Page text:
Last week I talked about the five R’s and rediscovering the writing joy. Any luck with that? Any news to share?
Once you find your joy, then you get to plan it! I know, I get way too excited about plans. But imagine the ideas! The goals! The potential! I’m all a-tingle.
The Five W’s of Planning the Writing Joy:
1. What type of second draft will you do? Will you finish the story you couldn’t wrap up in one month? Go back to fill in plot holes? Add description to the scenes? Cut the unnecessary scenes? Use research to make the story more realistic? Round out your characters? All the above? Personally, I’ll be focusing on the big picture issues, especially plot holes and mythology. I’ll do my best to ignore the little details on the word/sentence/paragraph level. Why waste time on something I may cut later? I’ll save the details for my third draft. But everyone writes differently, so find what works for you!
2. Where will you make your changes? Will you print the manuscript and mark it up with red pen? This way, you could carry it with you and work on it in your spare time. Or will you edit directly on your computer? I like the idea of seeing the story on paper, but I cringe at the waste of paper and ink. So I’ll do my second draft on my laptop, which I can still take with me to most places. Maybe I’ll print out the manuscript for the third or fourth draft, when the paper makes it easier to see the details.
3. When will you work? I talked about this briefly last week—the importance of sacrificing to make time for writing. If you have a set schedule, it’s easier to stick to than relying on “whenever I have time.” Right now, my plan for January is to write 9:00 to 12:00 every week night, plus the times when my son is at preschool. If I have time to write on weekends, that’s a bonus. But I’ll give myself permission to use weekends to catch up on other things or relax with my family. I’ll be sacrificing most of my Internet and reading time to write three hours every week night; I won’t have as much time for emails, blogging, and Facebook. And I’ll have to multitask every day to get the household chores done quickly. If you’re a student, you may have homework during the week and more free time during the weekend. Maybe you can find time to write Saturday and Sunday afternoons. If you’re on a block schedule, you may have slow days with less homework—use those days for writing. Don’t feel pressured to write everyday; just fit in what you can.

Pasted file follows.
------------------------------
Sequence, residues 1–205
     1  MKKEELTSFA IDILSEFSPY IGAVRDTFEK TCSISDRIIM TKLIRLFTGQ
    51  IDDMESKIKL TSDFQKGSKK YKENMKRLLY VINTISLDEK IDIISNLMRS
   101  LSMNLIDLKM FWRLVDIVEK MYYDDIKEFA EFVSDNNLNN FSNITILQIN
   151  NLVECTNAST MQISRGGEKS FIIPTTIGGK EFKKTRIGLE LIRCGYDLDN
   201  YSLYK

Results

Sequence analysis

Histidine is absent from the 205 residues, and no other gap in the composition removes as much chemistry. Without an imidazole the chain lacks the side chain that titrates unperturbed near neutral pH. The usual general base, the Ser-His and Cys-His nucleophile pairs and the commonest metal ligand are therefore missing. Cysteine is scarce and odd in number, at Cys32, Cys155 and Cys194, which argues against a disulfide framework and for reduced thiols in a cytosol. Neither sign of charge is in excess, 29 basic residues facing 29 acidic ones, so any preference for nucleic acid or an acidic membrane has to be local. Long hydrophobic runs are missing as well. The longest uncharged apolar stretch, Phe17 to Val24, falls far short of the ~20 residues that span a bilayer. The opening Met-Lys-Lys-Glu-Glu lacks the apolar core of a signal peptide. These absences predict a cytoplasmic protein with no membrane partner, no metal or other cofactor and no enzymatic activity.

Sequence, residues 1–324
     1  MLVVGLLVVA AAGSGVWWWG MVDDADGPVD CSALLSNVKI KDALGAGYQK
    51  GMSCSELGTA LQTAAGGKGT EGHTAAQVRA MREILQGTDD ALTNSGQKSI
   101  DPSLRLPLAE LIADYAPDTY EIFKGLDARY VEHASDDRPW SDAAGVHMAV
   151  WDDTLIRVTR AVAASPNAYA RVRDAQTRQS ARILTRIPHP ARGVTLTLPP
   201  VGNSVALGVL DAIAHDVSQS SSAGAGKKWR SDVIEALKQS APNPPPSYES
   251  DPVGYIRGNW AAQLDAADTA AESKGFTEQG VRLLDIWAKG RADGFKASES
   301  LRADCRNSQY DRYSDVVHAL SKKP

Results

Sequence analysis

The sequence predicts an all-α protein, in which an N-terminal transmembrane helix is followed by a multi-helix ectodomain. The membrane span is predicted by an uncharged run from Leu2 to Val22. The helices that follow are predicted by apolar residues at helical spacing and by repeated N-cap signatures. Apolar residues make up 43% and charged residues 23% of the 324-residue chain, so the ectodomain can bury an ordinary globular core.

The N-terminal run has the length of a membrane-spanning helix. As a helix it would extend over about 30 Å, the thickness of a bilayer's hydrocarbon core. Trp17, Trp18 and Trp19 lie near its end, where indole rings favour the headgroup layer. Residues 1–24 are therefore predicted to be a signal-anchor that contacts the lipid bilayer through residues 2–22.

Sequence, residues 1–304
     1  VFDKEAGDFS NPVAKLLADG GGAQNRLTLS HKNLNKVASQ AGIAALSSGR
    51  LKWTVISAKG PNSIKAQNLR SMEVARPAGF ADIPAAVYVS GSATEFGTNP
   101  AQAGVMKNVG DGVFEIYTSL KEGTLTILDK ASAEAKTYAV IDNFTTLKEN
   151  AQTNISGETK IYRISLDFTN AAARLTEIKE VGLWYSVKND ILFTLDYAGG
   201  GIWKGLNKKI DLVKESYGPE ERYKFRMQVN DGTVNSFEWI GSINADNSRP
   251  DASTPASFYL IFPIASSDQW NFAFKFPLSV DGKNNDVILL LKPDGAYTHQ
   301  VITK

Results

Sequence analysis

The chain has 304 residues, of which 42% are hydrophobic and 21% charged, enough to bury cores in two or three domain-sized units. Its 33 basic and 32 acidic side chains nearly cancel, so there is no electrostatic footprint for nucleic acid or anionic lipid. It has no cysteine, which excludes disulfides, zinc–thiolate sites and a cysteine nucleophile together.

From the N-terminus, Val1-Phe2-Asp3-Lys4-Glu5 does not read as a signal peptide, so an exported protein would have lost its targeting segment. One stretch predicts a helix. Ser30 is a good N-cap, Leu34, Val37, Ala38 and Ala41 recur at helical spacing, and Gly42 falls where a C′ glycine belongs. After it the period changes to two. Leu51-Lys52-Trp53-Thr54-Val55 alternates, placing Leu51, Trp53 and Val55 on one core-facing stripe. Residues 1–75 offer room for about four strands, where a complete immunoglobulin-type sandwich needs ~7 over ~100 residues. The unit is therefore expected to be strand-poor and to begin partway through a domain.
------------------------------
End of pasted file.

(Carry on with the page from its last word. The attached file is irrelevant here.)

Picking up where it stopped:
4. Who will help you? You may think you’re alone, but you’re not. Obviously, no one can do the second draft but you. But you can recruit critique partners, family, and friends to be your cheerleaders and encourage you when you struggle. Stuck on a plot issue? Discuss it with someone. Often the very act of talking can create a solution. Or throw a huge brainstorming session with snacks and hot cocoa . . . whatever it takes. Don’t make writing harder than it already is by going it alone.
5. Why should you revise? Because your story needs it. I’m not the only advocate for revision. I just read this post which confirms the importance of revising. Or you could ask any published author in the history of the world. You know, revision is kind of essential—no way around it!
Now you have the tools—go forth and plan! Write down your plans in a notebook or on a Post-It or wherever. Then come back here and share them with us! And let me know if you have questions!